310_ups_logo_400You’re stumped. You need to design a logo, but the creative half of your brain has just decided to take its summer vacation. No ideas. Zip. Zero. Nada. It’s happened to the best (and worst) of us. So what do you do? Try these 5 shortcuts to see if one of them might help inspiration strike.

1. Do something with the type. Don’t add anything TO the type, just let the type make the logo. This logo for a magazine by one of the all-time great American designers Herb Lubalin is a great example.

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2. Add something to the type. A decorative element, a flourish, maybe even a swoosh. (But then throw that idea out right away, as it’s been done a bazillion times.) You might recognize this famous logo with its flourish.

Coca-Cola_Logo_Script

3. Create a mark with a letter and some geometry. Put the first letter in a circle. Or both letters in a square. Don’t stop there, but at least you’ve got something on paper now. (And speaking of paper, you should NOT be doing any of this on the computer. Sketch first, to avoid being enslaved by what you know how to make Illustrator do for you.)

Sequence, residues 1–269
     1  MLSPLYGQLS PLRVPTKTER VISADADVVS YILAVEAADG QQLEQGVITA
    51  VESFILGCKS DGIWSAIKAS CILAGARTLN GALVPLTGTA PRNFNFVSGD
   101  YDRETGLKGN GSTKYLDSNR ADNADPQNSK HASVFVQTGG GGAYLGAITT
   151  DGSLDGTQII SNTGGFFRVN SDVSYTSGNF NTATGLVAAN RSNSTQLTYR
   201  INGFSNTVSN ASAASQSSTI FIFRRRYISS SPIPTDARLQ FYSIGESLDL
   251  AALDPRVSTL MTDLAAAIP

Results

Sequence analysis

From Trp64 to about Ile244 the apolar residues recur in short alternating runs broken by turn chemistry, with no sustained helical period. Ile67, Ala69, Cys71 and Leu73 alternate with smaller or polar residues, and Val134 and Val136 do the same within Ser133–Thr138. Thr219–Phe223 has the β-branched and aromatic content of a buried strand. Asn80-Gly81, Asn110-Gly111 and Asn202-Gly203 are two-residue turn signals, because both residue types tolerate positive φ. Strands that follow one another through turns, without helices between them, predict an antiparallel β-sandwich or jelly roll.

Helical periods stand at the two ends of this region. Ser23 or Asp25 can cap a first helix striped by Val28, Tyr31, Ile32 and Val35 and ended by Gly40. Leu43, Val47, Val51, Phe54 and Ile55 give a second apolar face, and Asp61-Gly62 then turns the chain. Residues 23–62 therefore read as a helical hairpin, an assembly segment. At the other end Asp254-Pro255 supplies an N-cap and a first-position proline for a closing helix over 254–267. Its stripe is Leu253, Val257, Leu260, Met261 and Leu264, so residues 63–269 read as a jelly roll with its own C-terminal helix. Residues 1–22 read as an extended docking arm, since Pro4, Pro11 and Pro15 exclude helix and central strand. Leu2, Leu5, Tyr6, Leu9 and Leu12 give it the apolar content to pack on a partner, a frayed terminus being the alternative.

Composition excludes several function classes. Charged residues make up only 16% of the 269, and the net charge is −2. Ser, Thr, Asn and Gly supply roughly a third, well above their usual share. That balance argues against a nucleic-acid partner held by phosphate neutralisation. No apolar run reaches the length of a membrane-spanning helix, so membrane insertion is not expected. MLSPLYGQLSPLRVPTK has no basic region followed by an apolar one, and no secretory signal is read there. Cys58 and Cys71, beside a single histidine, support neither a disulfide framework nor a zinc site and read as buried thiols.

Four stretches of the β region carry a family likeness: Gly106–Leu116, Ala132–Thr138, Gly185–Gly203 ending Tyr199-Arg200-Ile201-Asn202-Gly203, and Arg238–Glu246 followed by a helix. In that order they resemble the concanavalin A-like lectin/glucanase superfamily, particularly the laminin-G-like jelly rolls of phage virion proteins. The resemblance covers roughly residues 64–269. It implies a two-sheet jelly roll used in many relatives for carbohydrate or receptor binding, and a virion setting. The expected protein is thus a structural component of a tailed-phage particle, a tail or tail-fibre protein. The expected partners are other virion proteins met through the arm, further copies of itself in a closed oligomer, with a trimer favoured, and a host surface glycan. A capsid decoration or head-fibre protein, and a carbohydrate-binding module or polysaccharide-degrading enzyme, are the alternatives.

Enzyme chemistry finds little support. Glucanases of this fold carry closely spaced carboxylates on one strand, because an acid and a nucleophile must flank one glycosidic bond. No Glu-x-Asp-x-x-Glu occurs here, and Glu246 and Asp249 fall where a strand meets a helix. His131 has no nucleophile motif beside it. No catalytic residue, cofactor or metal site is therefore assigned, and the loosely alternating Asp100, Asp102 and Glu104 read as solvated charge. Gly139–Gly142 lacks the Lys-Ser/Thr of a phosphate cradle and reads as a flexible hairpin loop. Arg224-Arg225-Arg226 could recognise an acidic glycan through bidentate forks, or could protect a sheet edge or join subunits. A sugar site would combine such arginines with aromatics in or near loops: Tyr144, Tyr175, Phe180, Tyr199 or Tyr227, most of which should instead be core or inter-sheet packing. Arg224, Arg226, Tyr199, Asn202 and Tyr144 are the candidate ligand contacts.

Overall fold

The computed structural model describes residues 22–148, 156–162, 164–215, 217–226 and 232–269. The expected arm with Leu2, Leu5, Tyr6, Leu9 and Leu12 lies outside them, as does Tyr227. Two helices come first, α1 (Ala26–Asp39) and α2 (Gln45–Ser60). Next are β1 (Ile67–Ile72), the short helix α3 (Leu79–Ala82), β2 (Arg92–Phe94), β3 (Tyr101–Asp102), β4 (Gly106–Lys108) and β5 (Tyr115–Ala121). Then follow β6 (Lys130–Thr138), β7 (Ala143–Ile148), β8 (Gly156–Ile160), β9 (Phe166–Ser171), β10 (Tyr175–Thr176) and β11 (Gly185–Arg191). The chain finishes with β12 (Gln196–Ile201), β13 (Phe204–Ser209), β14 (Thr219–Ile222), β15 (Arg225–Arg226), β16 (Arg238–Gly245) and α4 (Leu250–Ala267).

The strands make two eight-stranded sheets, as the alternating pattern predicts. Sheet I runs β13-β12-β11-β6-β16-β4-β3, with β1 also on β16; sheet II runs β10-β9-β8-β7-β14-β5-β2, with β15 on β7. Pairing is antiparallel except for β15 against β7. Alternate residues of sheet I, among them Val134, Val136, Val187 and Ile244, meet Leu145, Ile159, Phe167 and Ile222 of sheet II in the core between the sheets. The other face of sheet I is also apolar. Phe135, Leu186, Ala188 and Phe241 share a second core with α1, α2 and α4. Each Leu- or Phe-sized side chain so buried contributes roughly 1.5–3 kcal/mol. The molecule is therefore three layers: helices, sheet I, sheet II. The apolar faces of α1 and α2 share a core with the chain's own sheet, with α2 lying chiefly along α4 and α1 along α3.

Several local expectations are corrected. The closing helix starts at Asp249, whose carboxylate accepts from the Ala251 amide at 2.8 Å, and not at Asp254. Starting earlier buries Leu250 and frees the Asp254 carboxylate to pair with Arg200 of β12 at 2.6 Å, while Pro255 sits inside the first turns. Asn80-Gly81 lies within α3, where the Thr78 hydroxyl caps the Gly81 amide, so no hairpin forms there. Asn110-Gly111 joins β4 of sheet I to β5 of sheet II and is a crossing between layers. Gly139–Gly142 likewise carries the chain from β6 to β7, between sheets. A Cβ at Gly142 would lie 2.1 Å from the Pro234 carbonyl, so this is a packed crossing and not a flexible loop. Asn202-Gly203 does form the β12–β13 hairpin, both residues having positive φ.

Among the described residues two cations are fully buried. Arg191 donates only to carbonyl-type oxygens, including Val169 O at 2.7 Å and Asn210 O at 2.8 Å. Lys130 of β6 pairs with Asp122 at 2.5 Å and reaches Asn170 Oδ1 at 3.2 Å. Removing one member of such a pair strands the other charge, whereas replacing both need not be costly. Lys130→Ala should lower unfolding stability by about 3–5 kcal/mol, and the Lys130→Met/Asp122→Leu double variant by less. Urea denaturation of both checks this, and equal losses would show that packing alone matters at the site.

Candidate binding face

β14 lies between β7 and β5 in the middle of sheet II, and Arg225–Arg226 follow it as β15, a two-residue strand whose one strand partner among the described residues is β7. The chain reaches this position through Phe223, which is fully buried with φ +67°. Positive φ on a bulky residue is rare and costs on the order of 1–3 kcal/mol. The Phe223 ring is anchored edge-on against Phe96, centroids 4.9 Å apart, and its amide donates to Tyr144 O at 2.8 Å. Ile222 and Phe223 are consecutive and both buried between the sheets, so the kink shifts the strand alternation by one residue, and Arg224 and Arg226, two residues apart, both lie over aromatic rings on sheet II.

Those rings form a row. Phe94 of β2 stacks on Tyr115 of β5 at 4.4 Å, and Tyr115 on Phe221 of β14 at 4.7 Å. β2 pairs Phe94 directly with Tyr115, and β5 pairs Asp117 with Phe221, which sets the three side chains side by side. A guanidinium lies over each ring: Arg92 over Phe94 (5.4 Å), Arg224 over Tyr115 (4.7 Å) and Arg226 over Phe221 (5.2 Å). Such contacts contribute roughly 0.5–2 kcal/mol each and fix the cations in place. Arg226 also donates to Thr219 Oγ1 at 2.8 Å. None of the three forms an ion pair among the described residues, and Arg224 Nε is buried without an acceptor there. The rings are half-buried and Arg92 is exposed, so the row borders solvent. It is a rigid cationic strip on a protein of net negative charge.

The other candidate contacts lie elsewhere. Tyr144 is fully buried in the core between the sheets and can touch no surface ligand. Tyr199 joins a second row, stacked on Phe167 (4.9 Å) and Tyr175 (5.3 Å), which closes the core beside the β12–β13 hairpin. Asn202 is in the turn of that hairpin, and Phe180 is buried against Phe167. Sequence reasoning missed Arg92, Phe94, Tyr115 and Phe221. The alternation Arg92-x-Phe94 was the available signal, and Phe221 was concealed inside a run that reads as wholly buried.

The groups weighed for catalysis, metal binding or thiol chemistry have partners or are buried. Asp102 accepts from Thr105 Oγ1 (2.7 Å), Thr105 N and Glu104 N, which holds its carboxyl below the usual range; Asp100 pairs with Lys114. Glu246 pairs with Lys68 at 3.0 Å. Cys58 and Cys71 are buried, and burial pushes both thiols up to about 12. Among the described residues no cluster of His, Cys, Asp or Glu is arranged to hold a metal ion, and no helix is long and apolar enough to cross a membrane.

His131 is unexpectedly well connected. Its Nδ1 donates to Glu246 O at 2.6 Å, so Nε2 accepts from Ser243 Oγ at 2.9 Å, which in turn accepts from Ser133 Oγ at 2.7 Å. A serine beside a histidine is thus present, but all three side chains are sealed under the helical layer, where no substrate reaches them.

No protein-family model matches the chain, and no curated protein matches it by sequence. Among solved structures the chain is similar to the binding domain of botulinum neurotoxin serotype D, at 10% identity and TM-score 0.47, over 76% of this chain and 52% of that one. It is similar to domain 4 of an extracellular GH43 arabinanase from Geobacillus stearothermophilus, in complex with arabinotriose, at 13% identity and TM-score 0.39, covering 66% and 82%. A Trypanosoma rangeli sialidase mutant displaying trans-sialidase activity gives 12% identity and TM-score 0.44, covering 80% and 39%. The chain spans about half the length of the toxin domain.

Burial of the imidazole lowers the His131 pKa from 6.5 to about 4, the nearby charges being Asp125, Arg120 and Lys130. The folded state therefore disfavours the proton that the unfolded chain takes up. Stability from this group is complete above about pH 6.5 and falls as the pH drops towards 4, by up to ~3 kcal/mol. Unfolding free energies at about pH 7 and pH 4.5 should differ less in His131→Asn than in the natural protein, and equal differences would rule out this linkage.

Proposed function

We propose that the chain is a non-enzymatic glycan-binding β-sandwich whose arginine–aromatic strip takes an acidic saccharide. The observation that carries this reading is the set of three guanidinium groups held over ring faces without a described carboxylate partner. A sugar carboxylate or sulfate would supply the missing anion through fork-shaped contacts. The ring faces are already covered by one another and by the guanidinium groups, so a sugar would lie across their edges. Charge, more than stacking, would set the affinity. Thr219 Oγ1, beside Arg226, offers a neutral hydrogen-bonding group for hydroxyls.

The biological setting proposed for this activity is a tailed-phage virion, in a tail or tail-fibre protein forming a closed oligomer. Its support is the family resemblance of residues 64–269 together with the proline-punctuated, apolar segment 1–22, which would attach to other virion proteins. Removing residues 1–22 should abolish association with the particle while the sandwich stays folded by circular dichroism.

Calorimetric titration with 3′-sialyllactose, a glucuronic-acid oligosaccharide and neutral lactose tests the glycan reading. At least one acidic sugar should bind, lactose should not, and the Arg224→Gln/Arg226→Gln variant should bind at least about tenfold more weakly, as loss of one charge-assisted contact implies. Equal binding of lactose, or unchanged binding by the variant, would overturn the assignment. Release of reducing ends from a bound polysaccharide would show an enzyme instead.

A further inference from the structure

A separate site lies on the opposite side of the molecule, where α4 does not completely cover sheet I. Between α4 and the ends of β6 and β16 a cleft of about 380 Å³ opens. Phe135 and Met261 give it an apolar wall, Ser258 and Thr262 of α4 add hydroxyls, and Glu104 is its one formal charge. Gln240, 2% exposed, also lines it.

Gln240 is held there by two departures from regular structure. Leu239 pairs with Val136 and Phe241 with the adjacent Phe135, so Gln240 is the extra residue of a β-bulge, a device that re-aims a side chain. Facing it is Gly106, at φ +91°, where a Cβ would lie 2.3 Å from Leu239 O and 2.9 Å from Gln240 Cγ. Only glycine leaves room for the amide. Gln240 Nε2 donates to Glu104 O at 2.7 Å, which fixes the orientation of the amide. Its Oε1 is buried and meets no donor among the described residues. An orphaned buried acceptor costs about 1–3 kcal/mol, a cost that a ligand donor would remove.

motorola-logo EEntertainmentLogo

4. Illustrate the name of the company, even if it has nothing to do with what they sell. This is from the “duh” department, but occasionally it works exceedingly well. Like here:

logo-evolution

5. Illustrate what the company sells. Again, this is one of those things you’ll want to keep moving beyond, but it might provide a tiny bit of inspiration. And every once in a while, it works, as in the original UPS logo at the top of this post, or in this logo:

Boeing-Logo-blue-resize

The bottom line, however, is this: don’t stop here. This is a crutch, remember, just to get you started. The really creative ideas will come after you get over “designer’s block.”

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